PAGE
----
No matter how you split it, there are always 2 sides to every coin. Like it or not, there is duality to everyone’s life. Besides feeling our personalities seem to be split, what does the duality of life do for us? Duality is the great teacher and equalizer. It teaches us, that all aspects of our selves and lives, are rooted in the interaction between opposite and seemingly competing forces. The experience of these forces do not have to be viewed as opposite, in fact they can be complimentary. Like the wings of a bird, they definitely don’t cancel out each other, they purely offset each other. And, this is balance.

We know what its like to suffer. We know what its like to persist. We know what its like to face death. We know what its like to survive.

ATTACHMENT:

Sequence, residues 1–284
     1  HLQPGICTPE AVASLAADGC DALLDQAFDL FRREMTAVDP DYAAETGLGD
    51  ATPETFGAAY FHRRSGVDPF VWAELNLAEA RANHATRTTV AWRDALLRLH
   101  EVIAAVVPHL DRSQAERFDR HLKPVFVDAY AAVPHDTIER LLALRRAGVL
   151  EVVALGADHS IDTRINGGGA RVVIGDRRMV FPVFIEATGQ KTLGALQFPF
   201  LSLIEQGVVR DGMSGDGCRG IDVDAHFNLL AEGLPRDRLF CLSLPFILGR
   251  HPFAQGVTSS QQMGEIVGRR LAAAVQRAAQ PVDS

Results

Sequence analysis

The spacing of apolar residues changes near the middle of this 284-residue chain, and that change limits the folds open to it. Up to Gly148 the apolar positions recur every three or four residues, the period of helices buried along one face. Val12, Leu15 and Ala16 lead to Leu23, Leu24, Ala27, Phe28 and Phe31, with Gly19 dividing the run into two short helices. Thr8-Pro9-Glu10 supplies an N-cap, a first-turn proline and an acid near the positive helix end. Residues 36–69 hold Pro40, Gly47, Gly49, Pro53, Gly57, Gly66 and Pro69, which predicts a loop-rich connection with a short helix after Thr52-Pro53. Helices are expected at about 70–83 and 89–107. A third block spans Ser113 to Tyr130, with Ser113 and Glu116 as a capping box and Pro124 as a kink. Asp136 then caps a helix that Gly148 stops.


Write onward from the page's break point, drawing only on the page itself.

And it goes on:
Authored by:

Jo-Ann L. Tremblay

Percy Stoma

“Everyone you meet has a story to tell.”

www.jo-annltremblay.com

Are you interested in reprinting or republishing this blog? With your written request, be our guest. We want to help connect people with the information they need. We just ask that you link back to joannltremblay.wordpress.com preserve the author’s byline and refrain from making edits that alter the original context. Questionsand your reprint/republishing request(s) go to: www.jo-annltremblay.com, click on the “contact” page, and fill our the contact form.

 

Goodbye 2017-Hello 2018

As the sun sets on 2017, “Wow, what a year”, comes to mind. It has been

Sunseta year of extremes on this living orb we call Earth.

Canadians celebrated throughout the year, as we wished Happy 150th Birthday to Canada. We partied in every community across the country, and what a party it was!